Vaginal Sex
December 17, 2019

Ashley Graham Opens Up About Getting It On While Pregnant

Is it ok to have sex during pregnancy? We checked the research and chatted with a doula about prenatal practices, sex tips, and important risk factors.
Written by
Ashley Simpo
Published on
December 17, 2019
Updated on
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“With pregnancy, things have been really different. Because there’s this huge bulge that can be sensitive if you lay on it or go into a new position,” Graham explained. “I’ve been literally asking every single one of my friends who have had babies or who’re pregnant, like, ‘What positions do you guys do?’ This has to be a normal conversation among mothers.”

Although Graham eased into this topic without resistance, a lot of people still feel discomfort around the idea of having sex while pregnant.

This is either because of the stigma that the baby could somehow be injured during intercourse, or because the pregnant partner finds sex to be uncomfortable. There is little conclusive evidence that having sex at any stage of pregnancy can hurt the baby, but there are some things to be aware of.

According to a 2011 study from the University of Toronto about sex during pregnancy, there are a few risk factors that can make things complicated in the pre-birth bedroom. For example, someone with placenta previa (a condition that causes the placenta to sit lower in the uterus) could risk hemorrhaging from penetrative sex, and those folks are typically told to completely abstain. While even the smallest risk to the baby can make couples repel from sex during pregnancy, it’s important to understand that potential negative outcomes — which generally only affect at-risk pregnancies — do not outweigh the benefits sex can bring to pregnant people.

Ashley Graham Pregnant

Regina Adewunmi, a doula in Brooklyn, New York, leads discussions about sex, periods, birth and everything in between, both with her doula clients and with folks who attend her monthly series called T3 (which stands for Tacos, Tequila, Tampons). Adewunmi says that sex is a great thing during pregnancy. “For healthy pregnancies, it’s actually safe and good to have sex throughout your entire pregnancy,” she tells, adding that this is a topic that comes up often with her birth clients. 

“Most [people] in the first trimester, if they are feeling sick, they’re less likely to want to have sex,” Adewunmi says. “The second trimester is when you’re feeling a lot better, so a lot of times that libido goes up a little bit.” She also notes that it’s the third trimester when things get interesting. Despite bodies rapidly changing and bellies growing uncomfortably large, Adewunmi says the third-trimester libido is the highest. “I think that’s also nature, too,” she adds, explaining that if you’re having penetrative sex with a partner who has a penis, semen is the perfect stuff to ripen a cervix as delivery draws near. Semen contains prostaglandins, which has the natural ability to relax tissue and can help with “getting the cervix open and preparing for the baby to come.” While there’s no evidence that it can induce labor, a soft cervix can be helpful for the process.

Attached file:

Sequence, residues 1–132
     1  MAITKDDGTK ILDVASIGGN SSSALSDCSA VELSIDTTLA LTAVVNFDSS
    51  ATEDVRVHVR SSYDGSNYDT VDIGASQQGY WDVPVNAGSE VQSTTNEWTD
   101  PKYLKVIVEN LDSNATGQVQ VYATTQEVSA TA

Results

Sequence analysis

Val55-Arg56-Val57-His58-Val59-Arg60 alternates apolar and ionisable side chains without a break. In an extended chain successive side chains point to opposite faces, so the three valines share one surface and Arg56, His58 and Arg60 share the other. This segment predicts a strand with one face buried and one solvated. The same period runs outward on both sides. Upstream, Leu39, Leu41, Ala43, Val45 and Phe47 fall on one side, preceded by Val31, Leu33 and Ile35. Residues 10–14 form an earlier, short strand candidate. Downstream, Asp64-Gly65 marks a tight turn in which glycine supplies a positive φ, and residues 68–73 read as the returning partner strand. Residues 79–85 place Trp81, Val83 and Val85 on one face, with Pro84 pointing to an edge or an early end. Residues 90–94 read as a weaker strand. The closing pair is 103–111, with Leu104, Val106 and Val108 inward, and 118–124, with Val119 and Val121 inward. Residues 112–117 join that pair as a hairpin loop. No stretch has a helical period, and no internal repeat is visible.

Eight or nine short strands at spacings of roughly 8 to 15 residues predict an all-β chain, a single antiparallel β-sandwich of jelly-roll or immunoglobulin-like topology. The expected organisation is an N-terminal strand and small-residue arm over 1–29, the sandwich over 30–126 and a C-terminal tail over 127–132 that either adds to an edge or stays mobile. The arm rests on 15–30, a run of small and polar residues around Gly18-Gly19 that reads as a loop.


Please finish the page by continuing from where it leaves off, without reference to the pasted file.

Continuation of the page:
Risk factors and medical research aside, what stands to be the biggest sexual barrier between pregnant couples is the emotional side of intimacy. 

“A lot of people, when their partner is pregnant, are extremely attracted to that, it’s like a fetish for them,” Adewunmi says. “But more often than not, [some folks] have a fear of hurting the baby or don’t feel physically attracted to their partner during pregnancy.” Mismatched desires between a couple can be a difficult situation to manage, but Adewunmi says it’s just a matter of meeting in the middle. “This has to be worked through between the partners,” she explains, adding that changing perspectives can lead to finding a happy medium. For example, instead of vaginal intercourse, other forms of sexual intimacy can help partners meet each other where they are.

If all else fails, Adewunmi says there’s always self-pleasure but clarifies that — with all, that’s happening inside the parent-to-be — intimacy should remain a huge part of the process. What’s most important is that people find their voices to express what they need. Whether that’s a romp in the sack or a foot rub, a willing partner is good for the baby.

Reviewed for Medical Accuracy

Ashley Simpo is a writer living in Brooklyn, New York. Originally from Oakland, California, she is a mother who advocates for mothers and remains outspoken on matters of race, equity and community empowerment. Her stories, essays and articles have been featured in Essence, BET, Huffington Post, Zora Magazine and Shondaland.

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